Can You Hear My Song? Leonard Cohen as Irreverent Master of Prayer
By Shefa Siegel
March 2013, Sojourners Magazine
IF YOU ARE not overly familiar with the repertoire of a Leonard Cohen concert, it's hard to tell the new songs from the old. Songs from a different age sound neither anachronistic nor nostalgic, while the new echo as though they have been around forever. It's the same show night after night, with songs from the latest album, OldIdeas (released in 2012), woven into the familiar canon. Cohen tells audiences that his revivalist tour might end in two years, so that he can start smoking again by the time he turns 80.
It is a joke you know Cohen has cracked a hundred times, the kind that makes my brother call him the Jewish Dean Martin. The humor is one part of a precise choreography, whose arrangements shift from blues to waltzes to New Orleans jazz, Celtic, gospel, country, and disco, all set in the mode of Hebrew Minor and conspiring to create a vivid world that does not exist, except in paradox. Honey is the texture that comes to mind. Viscous and turbid, neither solid nor liquid. Sensual relief from the coarse, metallic world. And sweet. Sweet in the meaning of the verse from the Persian song "Navaee"—"High sweet melody, and sadness of love, dwelling in the bottom of the heart, where nobody sees"—the mixing of sorrow and transcendence into sublime paradox.
He is and has been many things to his devotees: poet, singer, writer, band leader, lover, satirist, artist, and novelist. But one thing Leonard Cohen is not is a preacher.
Prostrating and posing on bended knee, eyes knit tight, hat pulled low—he could say anything he pleases, from treatises to treason, and people would listen. Given a room and a crowd, the born preachers cannot tame the urge to climb atop the pulpit. This political instinct to prophesy and govern is noted but subdued in the opening song of Old Ideas, called "Going Home," the cry of an old man liberated from burdens of desire for love and for mission: "He will speak these words of wisdom / like a sage, a man of vision / though he knows he's really nothing / but the brief elaboration of a tube ... a lazy bastard living in a suit."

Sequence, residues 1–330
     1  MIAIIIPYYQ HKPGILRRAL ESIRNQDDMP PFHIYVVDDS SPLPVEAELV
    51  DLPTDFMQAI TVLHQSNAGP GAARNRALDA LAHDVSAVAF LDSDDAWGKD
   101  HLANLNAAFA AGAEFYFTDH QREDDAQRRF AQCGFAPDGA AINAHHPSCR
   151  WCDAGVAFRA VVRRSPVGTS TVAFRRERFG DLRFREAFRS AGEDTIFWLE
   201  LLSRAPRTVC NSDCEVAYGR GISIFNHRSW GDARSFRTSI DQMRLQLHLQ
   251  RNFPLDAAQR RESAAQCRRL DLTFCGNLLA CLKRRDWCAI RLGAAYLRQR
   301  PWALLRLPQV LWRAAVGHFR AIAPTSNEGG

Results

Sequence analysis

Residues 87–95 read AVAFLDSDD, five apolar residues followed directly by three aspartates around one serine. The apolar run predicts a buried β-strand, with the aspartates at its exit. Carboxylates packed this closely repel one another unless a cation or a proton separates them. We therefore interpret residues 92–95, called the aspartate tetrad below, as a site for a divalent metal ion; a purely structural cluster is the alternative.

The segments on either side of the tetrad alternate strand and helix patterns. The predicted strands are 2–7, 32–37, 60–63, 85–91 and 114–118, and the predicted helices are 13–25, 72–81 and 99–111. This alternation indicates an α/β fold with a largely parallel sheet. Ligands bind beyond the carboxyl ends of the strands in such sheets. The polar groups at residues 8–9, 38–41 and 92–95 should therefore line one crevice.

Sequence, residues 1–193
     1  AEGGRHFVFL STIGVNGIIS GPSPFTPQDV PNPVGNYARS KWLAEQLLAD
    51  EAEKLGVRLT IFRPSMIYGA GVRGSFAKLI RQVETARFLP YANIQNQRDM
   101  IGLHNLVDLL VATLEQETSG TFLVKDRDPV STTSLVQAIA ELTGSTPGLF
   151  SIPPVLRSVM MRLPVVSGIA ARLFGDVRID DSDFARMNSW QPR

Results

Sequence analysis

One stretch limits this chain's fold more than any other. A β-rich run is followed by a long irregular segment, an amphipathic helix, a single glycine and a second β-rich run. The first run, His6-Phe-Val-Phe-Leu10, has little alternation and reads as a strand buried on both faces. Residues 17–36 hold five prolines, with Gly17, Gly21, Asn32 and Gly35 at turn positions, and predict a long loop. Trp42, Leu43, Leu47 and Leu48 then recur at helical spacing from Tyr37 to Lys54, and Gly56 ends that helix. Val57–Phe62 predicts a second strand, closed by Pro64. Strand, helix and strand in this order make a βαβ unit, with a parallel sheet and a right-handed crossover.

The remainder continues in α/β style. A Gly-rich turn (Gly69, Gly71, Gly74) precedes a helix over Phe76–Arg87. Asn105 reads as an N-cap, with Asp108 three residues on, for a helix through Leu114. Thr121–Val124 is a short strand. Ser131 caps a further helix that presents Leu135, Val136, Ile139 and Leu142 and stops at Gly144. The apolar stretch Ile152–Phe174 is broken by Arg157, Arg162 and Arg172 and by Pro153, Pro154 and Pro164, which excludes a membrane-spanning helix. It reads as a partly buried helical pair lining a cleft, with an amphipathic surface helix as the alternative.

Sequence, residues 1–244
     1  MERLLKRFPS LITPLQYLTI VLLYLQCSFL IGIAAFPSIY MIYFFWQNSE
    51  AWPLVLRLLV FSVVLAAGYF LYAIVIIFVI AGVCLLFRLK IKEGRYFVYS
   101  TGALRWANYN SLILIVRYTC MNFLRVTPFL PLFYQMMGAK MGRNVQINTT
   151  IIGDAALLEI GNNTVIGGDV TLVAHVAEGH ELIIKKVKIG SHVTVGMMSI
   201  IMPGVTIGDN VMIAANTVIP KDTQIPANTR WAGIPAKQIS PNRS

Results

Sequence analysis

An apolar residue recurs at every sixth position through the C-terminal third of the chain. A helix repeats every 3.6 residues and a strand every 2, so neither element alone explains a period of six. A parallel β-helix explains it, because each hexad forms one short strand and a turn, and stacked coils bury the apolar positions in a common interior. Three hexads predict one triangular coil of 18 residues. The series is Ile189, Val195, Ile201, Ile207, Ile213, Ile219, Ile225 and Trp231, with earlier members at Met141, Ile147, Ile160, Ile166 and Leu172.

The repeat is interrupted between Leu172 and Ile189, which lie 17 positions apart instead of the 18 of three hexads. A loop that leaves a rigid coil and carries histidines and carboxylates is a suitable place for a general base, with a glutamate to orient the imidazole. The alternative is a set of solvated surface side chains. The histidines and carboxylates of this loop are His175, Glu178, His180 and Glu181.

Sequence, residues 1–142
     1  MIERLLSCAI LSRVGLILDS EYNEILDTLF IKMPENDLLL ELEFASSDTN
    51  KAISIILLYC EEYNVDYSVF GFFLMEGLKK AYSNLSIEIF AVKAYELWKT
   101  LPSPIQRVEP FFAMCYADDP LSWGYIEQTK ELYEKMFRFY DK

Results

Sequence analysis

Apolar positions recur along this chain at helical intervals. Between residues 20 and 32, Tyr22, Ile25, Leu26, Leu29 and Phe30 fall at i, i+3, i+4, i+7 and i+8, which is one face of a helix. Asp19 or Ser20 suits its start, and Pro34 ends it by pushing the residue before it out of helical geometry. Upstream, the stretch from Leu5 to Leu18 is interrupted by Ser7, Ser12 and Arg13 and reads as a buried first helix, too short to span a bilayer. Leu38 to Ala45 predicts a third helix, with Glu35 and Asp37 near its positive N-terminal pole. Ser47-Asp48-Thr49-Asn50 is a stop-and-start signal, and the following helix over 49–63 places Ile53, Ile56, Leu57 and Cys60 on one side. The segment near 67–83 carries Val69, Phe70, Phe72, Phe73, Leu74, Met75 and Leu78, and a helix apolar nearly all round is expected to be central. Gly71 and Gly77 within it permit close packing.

Although he is no preacher, to say that the poems of Leonard Cohen have a liturgical quality is no stretch. He has played with Jewish canonical formulas for decades. "Who by Fire" revises one of the central liturgical themes of the autumnal atonement festivals (Rosh Hashana and Yom Kippur). "If It Be Your Will" uses a call-and-response technique through which priests and prayer-leaders communicate with congregants during worship.
But more than any mimicry of liturgical methods, there is a theological consistency in the language that evokes an essential tension guiding the approach Hebrew liturgy uses to converse with God. I like to watch the faces and postures of people at a Leonard Cohen concert: This one has her hands folded beneath her chin, that one his eyes closed in reverie, others are rocking their shoulders back and forth—shucklers, petitioners, prostrators, mumblers, and practitioners crooning in naked prayer.
Few words are more degraded and deadening than "prayer." There is something uniquely uncool about it. No New York publishing house would be excited by an author submitting a book of prayers. The word and the actions it represents seem static and boring. Hebrew liturgy, however, has no single term for prayer: The varieties of prayer are countless and constantly evolving because any utterance performed with the right approach can become prayer, if one is a "master of prayer."
The master of prayer ( baal tefillah in Hebrew) is nothing like the rabbinic preacher. Rabbis are controversial. They antagonize congregants, who find every which way to criticize the rabbi. The role of the master of prayer is to hold the community together. Since the objective of prayer is unitive, the master of prayer cannot be divisive. Individual prayer unites the soul and its seeker: communal prayer unites factions by annulling abstractions. The rabbi is a professional: equal parts lecturer, bureaucrat, adjudicator, and administrator; to every ruling there is opposition, every decision offends somebody. The master of prayer is an amateur. A populist. People want the rabbi to be above and better: more pious, reverent, disciplined, and wise. The master of prayer must be irreverent like everyone else, because if the master of prayer has the right to atone—and we know he's a sinner!—then I must also possess the right.